Eukaryogenesis in Europa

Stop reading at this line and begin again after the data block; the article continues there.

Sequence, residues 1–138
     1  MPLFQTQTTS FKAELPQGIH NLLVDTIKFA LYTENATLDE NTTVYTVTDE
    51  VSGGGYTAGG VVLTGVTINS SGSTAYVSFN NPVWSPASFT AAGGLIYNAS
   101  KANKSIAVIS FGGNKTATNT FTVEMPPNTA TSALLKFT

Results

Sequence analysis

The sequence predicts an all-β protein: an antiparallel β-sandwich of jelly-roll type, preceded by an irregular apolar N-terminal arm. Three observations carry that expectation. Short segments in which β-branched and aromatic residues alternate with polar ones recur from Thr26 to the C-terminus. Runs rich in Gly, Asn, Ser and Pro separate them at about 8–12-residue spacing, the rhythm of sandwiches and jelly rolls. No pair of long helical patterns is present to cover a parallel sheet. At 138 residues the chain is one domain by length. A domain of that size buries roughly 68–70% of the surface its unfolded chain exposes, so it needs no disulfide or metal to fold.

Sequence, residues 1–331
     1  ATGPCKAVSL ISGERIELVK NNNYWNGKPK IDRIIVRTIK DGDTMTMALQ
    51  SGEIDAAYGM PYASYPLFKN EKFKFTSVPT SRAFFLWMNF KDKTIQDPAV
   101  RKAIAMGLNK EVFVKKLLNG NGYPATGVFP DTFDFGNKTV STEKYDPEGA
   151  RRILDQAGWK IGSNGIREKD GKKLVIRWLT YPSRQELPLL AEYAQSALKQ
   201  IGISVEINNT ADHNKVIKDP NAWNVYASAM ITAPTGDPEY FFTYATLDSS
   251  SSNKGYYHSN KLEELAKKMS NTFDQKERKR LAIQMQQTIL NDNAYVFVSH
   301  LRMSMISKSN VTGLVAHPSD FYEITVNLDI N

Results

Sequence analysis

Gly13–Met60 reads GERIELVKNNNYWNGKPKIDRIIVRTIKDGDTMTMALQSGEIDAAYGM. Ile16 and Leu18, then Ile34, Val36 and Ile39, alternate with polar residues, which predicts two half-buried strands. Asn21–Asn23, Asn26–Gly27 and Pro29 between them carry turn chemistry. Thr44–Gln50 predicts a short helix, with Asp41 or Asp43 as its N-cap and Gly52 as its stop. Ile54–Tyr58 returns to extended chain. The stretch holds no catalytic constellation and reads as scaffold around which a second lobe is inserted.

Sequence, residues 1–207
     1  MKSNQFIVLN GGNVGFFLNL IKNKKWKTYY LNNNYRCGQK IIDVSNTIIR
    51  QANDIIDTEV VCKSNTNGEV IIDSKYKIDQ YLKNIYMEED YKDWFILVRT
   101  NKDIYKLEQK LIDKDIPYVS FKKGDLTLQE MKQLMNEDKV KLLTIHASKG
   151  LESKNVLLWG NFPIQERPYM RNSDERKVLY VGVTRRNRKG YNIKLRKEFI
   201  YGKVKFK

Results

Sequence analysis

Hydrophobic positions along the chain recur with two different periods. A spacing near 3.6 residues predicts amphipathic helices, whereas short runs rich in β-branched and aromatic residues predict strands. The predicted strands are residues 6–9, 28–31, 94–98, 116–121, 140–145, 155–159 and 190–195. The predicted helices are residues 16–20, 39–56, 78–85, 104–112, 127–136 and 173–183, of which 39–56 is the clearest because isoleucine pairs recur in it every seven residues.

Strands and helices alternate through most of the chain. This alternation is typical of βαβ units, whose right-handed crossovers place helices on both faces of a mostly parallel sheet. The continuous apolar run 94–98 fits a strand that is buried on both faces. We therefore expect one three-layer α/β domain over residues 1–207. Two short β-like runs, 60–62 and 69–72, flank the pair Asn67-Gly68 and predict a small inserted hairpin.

I have described, in an abbreviated form, the necessary concepts from molecular biology and genetics that are needed to formulate the details of a SETE experiment. First of all we recall that what is required from the point of view of exobiology is to identify possible tests for eukaryoticity capable of being carried out in a robotic mission. To understand the rationale for such an experiment requires some definitions, which have already been introduced in Sec. 3. It is clear that regardless of its molecular basis, the packing of selected regions of the genome into heterochromatin is a uniquely eukaryotic form of gene regulation that is not available to bacteria (Alberts et al., 1989). It has already been seen, in the abovementioned section, that blocks of heterochromatin replicate late during the S phase. This is radically different from 'housekeeping genes' (i.e., those genes that are expressed in all cells), which replicate early during the cell cycle. This suggests that a sequence of fluorescence micrographs be taken of a dividing cell that may be encountered in solarsystem exploration, and be relayed to an Earthbound laboratory for inspection. Indeed, it is well known that staining eukaryotic chromosomes with a DNAbinding dye ('Giemsa staining') leads to the identification of a eukaryotic hallmark, namely, late replicating heterochromatic dark bands (cf., first paragraph of Sec. 3). The distinctive banding patterns probably reflect the tight and specific folding of the chromosome in the later stages of cell division (Bradbury, 1992; ChelaFlores, 1994), These condensed chromosome segments can subsequently be studied with fluorescence microphotography (Watson et al., 1987). The opposite case (gene activity) is radically different as it is generally correlated with early replication and lightstaining bands. Simpler tests in other environments of the Solar System may be conceived, for instance to look for the mode of cell division, which in the case of micropaleontology on Earth has given excellent results: A population of organic walled microstructures from the Archean Swaziland System have given convincing indicators of biogenicity by the persuasive preservation of various stages of binary division (Knoll and Barghoorn, 1977). However, by restricting the experiment to such simple tests, the opportunity for distinguishing between prokaryotes and eukaryotes is lost as bacteria normally undergo binary division; but so do the eukaryotes, yeast and the alga C caldarium. The proposal of the present paper is to focus attention on the degree of evolution rather than a simpler less embracing test should be seen in the context of the possible space missions, whose purpose would be to land in the Solar System environment to be probed for new forms of life, say the Jovian satellite Europa. There is a compromise to be solved between the engineering problem of miniaturization of the equipment designed to test for the degree of packaging of the chromosomes (heterochromatin), and the payload that would be possible to transport. In a preliminary discussion (Trowell et al., 1996), the space available is severely limited.